Being a stay at home mum was never part of my plan. I spent a lot of time, energy and money becoming a qualified solicitor. I had grand plans. I’d be a city girl, a high flyer wearing designer threads as I slayed my opponents in court before marching out in my Jimmy Choos. (Look, I am a socialist but I like nice stuff too, ok?)
Anyway, the plan started to go a bit wrong when I moved from a city to my small home town and cut my legal teeth at a high street firm here. What followed was marriage and a baby. And then another.
And now I’m a stay at home mum. Not a Jimmy Choo in sight. (What’s the point? They’d only get covered in crayon and milk spit up.)
Going back to work (as in paid work – we all know raising kids is still actual work) is something I think about a lot. I suppose I’ve never really gotten comfortable with being defined as only a mother. Yes, that’s my most important job, raising humans is a big deal and a lot of responsibility. Not just to them but to the world (I don’t want to rear psychopaths then let them loose to wreak havoc on civilisation one day, obviously). But to let it be my only job doesn’t sit well with me. I suppose I feel the need to have something just for myself, if that makes any kind of sense.
Please don’t mistake this for me having no respect for stay at home mums (and dads for that matter) and their decision to stay at home out of choice. I get how important it is for some people and judge them in no way. Some stay at home mum’s thrive but I’m not one of them; I’m crap at baking and I don’t have a crafty bone in my body.
So I’ve explored going back to work. I’ve looked into the childcare options. I’ve worked out pick up and drop off times. And here’s the thing; no one would benefit from it except for me.
If I worked locally I would have to drop the kids off at childcare at 8am and collect them at 6pm (maybe 5.30pm at a push). So that’s ten hours a day they would be in someone else’s charge. That’s the vast majority of their waking hours. After childcare it would be home, dinner, bed, bath – I’d barely see them. And that’s if I actually finished work when I was supposed to. Most lawyers take work home with them to finish as well, it’s the nature of the job. Yes, I’d have weekends, but that’s about it.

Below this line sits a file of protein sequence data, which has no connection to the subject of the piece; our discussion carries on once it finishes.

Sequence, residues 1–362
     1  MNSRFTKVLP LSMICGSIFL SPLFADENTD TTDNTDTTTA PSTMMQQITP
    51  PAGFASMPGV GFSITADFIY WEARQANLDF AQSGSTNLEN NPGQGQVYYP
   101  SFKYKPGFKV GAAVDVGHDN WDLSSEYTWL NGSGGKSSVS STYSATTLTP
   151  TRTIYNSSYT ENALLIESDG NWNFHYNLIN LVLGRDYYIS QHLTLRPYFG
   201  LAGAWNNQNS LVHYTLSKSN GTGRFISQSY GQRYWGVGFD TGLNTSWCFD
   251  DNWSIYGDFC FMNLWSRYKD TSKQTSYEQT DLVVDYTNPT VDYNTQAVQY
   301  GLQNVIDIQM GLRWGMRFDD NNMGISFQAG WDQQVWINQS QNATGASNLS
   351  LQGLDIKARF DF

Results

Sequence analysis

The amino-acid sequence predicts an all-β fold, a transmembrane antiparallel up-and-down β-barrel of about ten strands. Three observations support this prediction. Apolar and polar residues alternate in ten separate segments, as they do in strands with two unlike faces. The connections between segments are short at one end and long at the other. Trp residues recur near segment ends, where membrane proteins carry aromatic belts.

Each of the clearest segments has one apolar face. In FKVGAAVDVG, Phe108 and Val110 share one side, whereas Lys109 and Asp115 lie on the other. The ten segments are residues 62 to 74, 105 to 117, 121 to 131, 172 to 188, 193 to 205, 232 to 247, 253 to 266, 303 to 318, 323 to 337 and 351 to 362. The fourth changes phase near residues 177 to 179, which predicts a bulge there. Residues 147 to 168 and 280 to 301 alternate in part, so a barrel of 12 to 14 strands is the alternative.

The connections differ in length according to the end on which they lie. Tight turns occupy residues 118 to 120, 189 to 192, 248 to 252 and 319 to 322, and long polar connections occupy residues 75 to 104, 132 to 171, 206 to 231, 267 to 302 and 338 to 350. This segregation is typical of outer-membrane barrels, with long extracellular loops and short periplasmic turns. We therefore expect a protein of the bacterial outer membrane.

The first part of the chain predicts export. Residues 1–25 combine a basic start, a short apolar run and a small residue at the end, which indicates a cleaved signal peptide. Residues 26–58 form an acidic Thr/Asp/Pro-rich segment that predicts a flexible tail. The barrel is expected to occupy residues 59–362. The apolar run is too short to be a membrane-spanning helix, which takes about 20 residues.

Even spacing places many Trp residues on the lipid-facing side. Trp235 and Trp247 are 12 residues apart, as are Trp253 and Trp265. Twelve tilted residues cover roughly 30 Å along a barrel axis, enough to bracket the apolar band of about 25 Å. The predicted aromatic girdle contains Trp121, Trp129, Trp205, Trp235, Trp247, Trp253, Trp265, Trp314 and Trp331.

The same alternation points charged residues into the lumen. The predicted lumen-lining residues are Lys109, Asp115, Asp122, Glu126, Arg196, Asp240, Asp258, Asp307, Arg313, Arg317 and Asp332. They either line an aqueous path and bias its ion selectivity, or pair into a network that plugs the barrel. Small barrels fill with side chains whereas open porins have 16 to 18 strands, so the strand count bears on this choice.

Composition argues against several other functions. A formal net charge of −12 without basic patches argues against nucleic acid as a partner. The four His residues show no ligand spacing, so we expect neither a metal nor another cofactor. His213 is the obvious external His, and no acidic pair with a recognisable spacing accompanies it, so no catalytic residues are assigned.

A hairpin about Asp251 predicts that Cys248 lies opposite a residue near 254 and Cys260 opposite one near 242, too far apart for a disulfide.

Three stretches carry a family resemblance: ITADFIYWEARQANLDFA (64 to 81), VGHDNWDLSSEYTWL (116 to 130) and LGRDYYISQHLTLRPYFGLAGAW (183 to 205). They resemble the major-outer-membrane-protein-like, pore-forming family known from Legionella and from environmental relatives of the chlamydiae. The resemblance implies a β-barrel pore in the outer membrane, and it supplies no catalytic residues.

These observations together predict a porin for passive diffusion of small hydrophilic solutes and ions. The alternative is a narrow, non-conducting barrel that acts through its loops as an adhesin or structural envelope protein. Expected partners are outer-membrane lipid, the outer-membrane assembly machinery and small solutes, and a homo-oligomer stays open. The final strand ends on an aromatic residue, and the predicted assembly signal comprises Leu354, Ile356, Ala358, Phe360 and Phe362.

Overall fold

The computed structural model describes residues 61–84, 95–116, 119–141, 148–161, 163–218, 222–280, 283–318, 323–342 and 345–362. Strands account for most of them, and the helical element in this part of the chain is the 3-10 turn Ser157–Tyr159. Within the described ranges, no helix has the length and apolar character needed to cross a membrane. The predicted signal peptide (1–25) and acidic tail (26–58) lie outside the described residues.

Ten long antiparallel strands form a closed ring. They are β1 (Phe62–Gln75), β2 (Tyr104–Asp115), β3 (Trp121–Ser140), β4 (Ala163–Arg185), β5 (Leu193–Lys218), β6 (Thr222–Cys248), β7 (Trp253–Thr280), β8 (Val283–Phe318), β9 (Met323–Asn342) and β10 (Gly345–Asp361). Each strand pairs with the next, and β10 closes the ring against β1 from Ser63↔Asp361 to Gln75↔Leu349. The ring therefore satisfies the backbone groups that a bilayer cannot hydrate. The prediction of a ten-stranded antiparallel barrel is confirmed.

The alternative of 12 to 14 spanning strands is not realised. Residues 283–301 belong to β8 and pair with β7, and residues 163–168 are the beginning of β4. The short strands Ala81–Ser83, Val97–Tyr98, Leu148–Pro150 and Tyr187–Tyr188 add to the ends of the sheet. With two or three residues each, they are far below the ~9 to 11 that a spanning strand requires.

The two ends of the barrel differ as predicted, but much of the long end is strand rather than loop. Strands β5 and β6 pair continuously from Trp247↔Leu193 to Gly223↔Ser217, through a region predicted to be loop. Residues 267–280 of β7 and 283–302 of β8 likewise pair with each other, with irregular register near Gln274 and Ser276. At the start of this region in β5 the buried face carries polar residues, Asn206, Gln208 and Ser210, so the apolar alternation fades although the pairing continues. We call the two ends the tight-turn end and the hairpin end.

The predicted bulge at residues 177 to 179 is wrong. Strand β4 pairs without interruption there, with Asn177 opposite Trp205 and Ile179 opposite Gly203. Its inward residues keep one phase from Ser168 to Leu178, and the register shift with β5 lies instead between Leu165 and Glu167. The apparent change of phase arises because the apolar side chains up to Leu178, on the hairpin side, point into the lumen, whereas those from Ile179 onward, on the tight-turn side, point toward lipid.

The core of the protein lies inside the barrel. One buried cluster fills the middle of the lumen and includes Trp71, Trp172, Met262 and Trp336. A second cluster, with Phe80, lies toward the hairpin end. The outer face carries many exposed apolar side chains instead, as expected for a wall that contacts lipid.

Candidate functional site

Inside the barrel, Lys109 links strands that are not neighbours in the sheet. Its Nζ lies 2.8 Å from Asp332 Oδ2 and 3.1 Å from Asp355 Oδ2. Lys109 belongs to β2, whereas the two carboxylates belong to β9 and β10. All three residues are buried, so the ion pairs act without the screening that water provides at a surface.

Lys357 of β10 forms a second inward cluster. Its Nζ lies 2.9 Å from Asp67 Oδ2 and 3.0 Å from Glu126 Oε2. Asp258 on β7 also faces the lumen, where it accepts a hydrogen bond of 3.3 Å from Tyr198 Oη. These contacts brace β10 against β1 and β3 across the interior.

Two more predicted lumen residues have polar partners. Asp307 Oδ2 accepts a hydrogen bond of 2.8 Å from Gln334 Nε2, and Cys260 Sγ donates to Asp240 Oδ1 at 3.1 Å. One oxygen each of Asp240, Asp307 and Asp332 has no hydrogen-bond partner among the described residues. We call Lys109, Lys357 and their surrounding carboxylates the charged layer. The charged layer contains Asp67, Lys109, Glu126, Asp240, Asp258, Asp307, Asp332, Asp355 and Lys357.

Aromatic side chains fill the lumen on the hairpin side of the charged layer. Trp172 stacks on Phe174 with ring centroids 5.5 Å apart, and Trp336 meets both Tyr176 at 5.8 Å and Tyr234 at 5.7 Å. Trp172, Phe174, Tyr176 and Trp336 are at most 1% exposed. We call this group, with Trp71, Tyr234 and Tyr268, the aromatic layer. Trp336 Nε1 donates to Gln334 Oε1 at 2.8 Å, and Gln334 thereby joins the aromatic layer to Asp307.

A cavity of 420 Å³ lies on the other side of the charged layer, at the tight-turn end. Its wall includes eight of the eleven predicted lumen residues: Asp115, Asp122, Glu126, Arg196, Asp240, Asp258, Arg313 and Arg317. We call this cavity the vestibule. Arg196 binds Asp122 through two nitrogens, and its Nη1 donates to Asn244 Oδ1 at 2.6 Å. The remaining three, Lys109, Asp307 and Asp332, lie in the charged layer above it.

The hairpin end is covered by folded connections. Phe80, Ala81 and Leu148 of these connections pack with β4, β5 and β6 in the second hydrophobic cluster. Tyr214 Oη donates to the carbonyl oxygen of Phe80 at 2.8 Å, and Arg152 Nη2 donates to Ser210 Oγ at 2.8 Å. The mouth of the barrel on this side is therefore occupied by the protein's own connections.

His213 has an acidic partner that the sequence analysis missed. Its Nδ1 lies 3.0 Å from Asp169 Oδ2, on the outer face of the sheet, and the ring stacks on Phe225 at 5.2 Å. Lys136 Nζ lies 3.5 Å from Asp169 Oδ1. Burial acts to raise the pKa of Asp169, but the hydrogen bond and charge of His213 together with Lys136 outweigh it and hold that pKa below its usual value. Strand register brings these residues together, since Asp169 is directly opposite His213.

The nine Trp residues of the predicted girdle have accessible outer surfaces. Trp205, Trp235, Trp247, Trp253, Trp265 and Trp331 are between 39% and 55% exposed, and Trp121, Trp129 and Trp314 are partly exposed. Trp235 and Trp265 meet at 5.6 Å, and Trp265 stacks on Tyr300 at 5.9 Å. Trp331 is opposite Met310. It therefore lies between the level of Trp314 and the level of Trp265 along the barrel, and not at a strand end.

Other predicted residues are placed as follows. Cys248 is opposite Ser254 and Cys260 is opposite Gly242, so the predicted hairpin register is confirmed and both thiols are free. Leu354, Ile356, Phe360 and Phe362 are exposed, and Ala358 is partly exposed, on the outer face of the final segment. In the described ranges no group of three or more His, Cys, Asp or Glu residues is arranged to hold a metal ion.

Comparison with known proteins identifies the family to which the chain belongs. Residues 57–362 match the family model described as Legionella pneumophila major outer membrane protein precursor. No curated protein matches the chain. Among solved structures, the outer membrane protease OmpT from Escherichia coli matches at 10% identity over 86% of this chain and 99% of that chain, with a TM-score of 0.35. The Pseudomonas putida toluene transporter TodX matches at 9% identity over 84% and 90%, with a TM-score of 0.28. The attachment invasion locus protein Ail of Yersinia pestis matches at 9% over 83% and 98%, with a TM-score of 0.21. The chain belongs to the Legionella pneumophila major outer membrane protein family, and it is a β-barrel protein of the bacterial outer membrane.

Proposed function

The cost of 50 hours per week for childcare for two children would be around £460 per week. Despite popular opinion the average high street lawyer doesn’t make a huge amount of money, which means it would actually cost me financially to go back to work. If I worked part time, it would still cost me.
The other option is if I worked out of town. The nearest two cities are just over an hour’s commute away. Totally doable. My salary would be a fair bit higher but I’d spend even less time with the kids. I’d may as well get a live in nanny. Which just makes me think, why did I have them in the first place if I’m going to let other people raise them? And as well as the live in nanny I’d doubtless need a cleaner, otherwise I’d be spending those precious weekends cleaning and ironing and what not.
So to go back to work it seems I would have to either make my family generally poorer or outsource most other parts of my life (and possibly still make us poorer). And as the only person who would benefit from me working is me, I really can’t justify it. It would just be selfish.
I chose to have my children, a decision I’ve never for a second regretted, so if that means I’m a stay at home mum for a while then so be it. The Jimmy Choos will just have to wait.